Italy to introduce curfew, close museums in new anti-virus crackdown


Italy will introduce a nationwide night-time curfew as part of a new set of restrictions to contain the spread of the coronavirus, Prime Minister Giuseppe Conte said on Monday.

“We are forced to intervene […] to implement further measures and pursue a firmer strategy to contain and mitigate [the virus],” he told the lower house of parliament.

Conte also announced that museums would close, that shopping centres would shut on weekends, and that remote teaching would be extended for high-school students.

Furthermore, fewer passengers will be allowed on public transport, and travel to and from regions with high case numbers will be restricted, the premier added.

Conte did not state the times of the night-time curfew, but before he spoke, a junior labour minister, Francesca Puglisi, told the SkyTG24 news channel that it would start at 9 pm (2000 GMT).

Night-time and regional travel restrictions will not apply to people who have to move around for work, study or health reasons, or any other justifiable necessity.

While he ruled out a nationwide lockdown, Conte indicated that parts of the country would face further restrictions, depending on their infection rates.

Regions will be classified according to three different levels of infection risk, and this will determine the extent of local, supplementary virus crackdowns, the premier explained.

Conte, who called the situation “very worrying,” did not name specific areas needing extra restrictions, but there has been talk of city-wide lockdowns in places like Naples, Milan and Genoa.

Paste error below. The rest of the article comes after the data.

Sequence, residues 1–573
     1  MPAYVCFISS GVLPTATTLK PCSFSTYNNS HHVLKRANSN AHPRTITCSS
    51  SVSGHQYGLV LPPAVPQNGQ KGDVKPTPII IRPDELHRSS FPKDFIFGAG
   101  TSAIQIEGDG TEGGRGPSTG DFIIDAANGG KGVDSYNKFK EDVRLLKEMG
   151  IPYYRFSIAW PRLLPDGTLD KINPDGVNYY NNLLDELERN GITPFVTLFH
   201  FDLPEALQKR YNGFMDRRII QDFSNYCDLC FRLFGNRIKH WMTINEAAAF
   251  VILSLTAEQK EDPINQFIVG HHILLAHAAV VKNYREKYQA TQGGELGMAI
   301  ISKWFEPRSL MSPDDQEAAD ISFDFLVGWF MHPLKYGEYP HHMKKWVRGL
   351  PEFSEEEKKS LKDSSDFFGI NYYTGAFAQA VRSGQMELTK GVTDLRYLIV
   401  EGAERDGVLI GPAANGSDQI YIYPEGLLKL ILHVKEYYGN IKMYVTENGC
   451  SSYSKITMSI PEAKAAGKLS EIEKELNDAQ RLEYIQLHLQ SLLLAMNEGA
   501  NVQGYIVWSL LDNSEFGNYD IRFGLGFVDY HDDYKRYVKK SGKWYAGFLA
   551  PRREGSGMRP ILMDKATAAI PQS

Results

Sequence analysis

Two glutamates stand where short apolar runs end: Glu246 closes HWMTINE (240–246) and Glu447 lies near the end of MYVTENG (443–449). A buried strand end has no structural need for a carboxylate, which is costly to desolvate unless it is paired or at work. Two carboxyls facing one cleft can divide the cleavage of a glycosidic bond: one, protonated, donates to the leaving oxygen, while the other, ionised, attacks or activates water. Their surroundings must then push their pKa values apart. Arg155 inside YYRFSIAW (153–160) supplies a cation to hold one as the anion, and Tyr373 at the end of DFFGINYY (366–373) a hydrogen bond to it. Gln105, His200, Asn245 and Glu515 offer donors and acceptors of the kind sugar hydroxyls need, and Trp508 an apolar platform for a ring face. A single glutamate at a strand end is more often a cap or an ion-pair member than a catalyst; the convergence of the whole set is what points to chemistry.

The government adopted three previous sets of anti-virus rules in the last three weeks, but they have failed to slow down the escalating health crisis.

Over the course of October, the number of daily coronavirus infections in Italy – a country of 60 million – increased by more than 12 times, to a record 31,758 on Saturday.

Infection numbers dropped to 29,907 on Sunday and 22,253 on Monday, but this usually happens due to reduced swab testing capacity on weekends.

Daily deaths have been in the 200-300 range for the last week, a level not seen since mid-May, and more than 2,000 Covid-19 patients were in intensive care as of Monday, from a low of 38 in late July.

Conte, citing a weekly report on the pandemic issued Friday, said there was a “high probability” of 15 regions running out of hospital beds within a month.

Meanwhile, an IXE opinion poll indicated Sunday that the percentage of Italians who have tested positive to the virus, or know someone who has, has risen to 72 per cent, from 43 per cent on October 6.

However, the premier is struggling to win support for new public health measures from regional governments and the right-wing opposition, despite his calls for national unity.

In recent days, there have been protests against virus restrictions in several cities. At times they have turned violent due to the involvement of far-right and far-left groups and football hooligans.

On Monday, restaurant owners and others affected by mandatory closures held a socially-distanced, peaceful demonstration in central Rome, holding banners with slogans such as: “If you close us you kill us.”

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